The crystalline material can be dehydrated, at least partially. This can be done by heating to a temperature in the range of 200° C. to 600° C. in an atmosphere such as air, nitrogen, etc. and at atmospheric, subatmospheric or superatmospheric pressures for between 30 minutes and 48 hours. Dehydration can also be performed at room temperature merely by placing the composition in a vacuum, but a longer time is required to obtain a sufficient amount of dehydration.

SYNTHESIS OF CRYSTALLINE MATERIAL

The usual method for synthesis of the ultra-large pore crystalline material involves preparation of a particular reaction mixture comprising sources of alkali or alkaline earth metal cation, if desired, one or a combination of oxides selected from the group consisting of divalent element, trivalent element, tetravalent element and pentavalent element, an organic directing agent and solvent or solvent mixture, maintaining said mixture under sufficient conditions of pH, temperature and time for formation of said composition of matter, and recovering said composition of matter. In this usual method, the organic directing agent is an ion of the formula R1 R2 R3 R4 Q+, wherein Q is nitrogen or phosphorus and wherein at least one of R1, R2, R3 and R4 is aryl or alkyl of from 6 to about 36 carbon atoms or combinations thereof, the remainder of R1, R2, R3 and R4 being selected from the group consisting of hydrogen, alkyl of from 1 to 5 carbon atoms and combinations thereof. The compound from which the above organic directing agent ammonium or phosphonium ion is derived may be, for example, the hydroxide, halide, silicate or mixture thereof. The solvent or solvent mixture for use in the usual method comprises a C1 -C6 alcohol, C1 -C6 diol, water or mixture thereof, with water preferred.

A first method involves a reaction mixture having an X2 O3 /YO2 mole ratio of from 0 to about 0.5, but an Al2 O3 /SiO2 mole ratio of from 0 to 0.01, a crystallization temperature of from about 25° C. to about 250° C., preferably from about50° C. to about 175° C., and an organic directing agent, hereinafter more particularly described, or, preferably a combination of that organic directing agent plus an additional organic directing agent, hereinafter more particularly described. This first method comprises preparing a reaction mixture containing sources of, for example, alkali or alkaline earth metal (M), e.g. sodium or potassium, cation if desired, one or a combination of oxides selected from the group consisting of divalent element W, e.g. cobalt, trivalent element X, e.g. aluminum, tetravalent element Y, e.g. silicon, and pentavalent element Z, e.g. phosphorus, an organic (R) directing agent, hereinafter more particularly described, and a solvent or solvent mixture, such as, for example, C1 -C6 alcohols, C1 -C6 diols and/or water, especially water, said reaction mixture having a composition, in terms of mole ratios of oxides, within the following ranges:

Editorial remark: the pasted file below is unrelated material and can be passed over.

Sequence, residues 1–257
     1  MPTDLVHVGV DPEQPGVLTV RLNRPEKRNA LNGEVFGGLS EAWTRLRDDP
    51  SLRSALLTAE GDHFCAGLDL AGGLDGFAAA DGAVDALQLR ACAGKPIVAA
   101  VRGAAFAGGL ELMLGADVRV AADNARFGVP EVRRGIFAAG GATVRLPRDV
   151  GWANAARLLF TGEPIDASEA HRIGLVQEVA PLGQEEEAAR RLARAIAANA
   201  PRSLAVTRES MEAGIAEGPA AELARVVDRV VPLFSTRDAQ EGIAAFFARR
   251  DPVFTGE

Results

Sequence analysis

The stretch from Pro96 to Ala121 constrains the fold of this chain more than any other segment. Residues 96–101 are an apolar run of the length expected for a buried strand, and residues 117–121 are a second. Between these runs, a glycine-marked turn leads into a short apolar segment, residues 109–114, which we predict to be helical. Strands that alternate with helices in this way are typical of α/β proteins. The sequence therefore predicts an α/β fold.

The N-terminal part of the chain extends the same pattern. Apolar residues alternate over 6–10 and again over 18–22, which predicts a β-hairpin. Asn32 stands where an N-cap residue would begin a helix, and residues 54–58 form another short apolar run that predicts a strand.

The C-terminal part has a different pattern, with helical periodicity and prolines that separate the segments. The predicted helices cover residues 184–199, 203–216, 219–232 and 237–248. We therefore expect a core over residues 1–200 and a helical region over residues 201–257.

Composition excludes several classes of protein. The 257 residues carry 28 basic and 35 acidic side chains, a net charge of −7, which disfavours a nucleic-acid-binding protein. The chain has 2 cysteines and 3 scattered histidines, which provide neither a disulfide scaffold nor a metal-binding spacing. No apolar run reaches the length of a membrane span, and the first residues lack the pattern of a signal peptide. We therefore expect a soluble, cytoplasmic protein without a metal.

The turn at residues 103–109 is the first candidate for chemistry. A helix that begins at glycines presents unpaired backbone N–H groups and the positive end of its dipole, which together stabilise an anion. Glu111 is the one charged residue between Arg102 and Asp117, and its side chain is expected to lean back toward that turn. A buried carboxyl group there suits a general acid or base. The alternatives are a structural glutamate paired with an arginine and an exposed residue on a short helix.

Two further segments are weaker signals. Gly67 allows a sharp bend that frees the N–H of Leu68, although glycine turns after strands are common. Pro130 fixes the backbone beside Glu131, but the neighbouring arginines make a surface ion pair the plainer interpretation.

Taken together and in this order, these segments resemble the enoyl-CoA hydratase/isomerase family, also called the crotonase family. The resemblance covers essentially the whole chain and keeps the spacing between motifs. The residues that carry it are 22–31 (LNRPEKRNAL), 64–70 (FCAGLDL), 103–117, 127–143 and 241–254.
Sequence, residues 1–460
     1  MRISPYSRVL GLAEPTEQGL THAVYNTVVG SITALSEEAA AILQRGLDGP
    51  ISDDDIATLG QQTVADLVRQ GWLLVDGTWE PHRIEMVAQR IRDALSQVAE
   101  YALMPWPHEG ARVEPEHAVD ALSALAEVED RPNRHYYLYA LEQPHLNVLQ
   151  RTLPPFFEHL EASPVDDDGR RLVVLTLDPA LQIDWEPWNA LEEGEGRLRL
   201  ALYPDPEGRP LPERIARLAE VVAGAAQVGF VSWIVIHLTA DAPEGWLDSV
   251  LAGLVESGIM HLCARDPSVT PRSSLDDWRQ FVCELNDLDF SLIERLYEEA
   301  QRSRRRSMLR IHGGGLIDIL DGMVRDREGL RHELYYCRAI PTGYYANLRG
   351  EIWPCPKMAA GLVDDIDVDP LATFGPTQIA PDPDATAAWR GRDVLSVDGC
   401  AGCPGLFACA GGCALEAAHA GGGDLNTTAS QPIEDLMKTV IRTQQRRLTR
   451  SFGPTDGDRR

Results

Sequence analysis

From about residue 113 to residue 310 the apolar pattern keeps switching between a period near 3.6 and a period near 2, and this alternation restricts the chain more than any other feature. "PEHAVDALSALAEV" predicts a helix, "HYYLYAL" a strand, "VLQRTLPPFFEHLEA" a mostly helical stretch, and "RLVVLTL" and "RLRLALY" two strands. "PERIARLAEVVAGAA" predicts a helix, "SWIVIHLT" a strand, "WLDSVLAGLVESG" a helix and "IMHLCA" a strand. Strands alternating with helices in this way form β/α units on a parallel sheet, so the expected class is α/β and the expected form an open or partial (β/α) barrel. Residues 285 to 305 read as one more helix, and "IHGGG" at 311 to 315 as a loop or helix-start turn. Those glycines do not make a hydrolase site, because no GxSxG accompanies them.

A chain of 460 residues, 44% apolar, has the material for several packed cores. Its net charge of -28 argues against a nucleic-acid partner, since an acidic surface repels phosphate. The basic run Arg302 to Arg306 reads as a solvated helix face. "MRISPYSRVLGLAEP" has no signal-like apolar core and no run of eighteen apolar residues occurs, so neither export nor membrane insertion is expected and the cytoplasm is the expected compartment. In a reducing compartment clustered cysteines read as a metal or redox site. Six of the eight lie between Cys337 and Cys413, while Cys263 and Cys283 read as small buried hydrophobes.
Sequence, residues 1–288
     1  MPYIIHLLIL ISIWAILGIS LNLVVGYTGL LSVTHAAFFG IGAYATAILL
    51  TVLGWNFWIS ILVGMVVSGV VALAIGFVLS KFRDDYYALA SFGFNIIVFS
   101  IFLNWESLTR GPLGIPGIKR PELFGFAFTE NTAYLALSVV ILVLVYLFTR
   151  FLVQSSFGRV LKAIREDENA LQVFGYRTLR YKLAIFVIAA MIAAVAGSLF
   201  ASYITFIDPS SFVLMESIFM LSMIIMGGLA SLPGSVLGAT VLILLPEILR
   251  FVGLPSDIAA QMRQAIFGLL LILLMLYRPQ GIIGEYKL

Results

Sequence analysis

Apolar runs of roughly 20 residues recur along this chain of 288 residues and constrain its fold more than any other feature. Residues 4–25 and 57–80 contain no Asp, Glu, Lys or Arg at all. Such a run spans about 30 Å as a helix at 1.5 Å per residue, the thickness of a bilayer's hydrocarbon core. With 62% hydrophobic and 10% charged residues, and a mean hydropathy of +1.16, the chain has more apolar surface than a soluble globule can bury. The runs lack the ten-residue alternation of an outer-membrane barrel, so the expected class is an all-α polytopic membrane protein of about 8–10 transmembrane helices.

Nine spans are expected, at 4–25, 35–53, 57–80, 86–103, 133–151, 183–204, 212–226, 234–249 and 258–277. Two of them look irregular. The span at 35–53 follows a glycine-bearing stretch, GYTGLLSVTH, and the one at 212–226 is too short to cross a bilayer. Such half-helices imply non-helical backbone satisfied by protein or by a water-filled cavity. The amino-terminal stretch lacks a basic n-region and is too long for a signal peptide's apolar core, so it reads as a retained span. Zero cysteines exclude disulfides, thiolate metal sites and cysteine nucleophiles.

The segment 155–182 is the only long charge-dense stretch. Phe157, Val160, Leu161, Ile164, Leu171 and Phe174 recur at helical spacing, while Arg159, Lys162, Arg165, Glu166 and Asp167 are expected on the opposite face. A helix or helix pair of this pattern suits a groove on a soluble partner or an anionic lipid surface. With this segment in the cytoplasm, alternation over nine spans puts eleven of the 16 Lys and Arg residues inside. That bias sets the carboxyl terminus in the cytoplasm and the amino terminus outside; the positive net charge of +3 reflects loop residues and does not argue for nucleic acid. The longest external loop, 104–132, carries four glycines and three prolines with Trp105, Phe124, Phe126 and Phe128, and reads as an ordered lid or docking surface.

______________________________________Reactants         Useful     Preferred______________________________________X2 O3 /YO2              0 to 0.5  0.001 to 0.5Al2 O3 /SiO2              0 to 0.01 0.001 to 0.01X2 O3 /(YO2 + Z2 O5)             0.1 to 100 0.1 to 20X2 O3 /(YO2 + WO + Z2 O5)             0.1 to 100 0.1 to 20Solvent/            1 to 1500                           5 to 1000(YO2 + WO + Z2 O5 + X2 O3)OH- /YO2              0 to 10    0 to 5(M2/e O + R2/f O)/             0.01 to 20 0.05 to 5(YO2 + WO + Z2 O5 + X2 O3) -M2/e O/              0 to 10    0 to 5(YO2 + WO + Z2 O5 + X2 O3)R2/f O/      0.01 to 2.0                        0.03 to 1.0(YO2 WO + Z2 O5 + X2 O3)______________________________________

wherein e and f are the weighted average valences of M and R, respectively.

In this first method, when no Z and/or W oxides are added to the reaction mixture, the pH is important and must be maintained at from about 9 to about 14. When Z and/or W oxides are present in the reaction mixture, the pH is not narrowly important for synthesis of the present crystalline material. In this, as well as the following methods for synthesis of the present material the R2 /f O/(YO2 +WO+Z2 O5 +X2 O3) ratio is important. When this ratio is less than 0.01 or greater than 2.0, impurity products tend to be synthesized at the expense of the present material.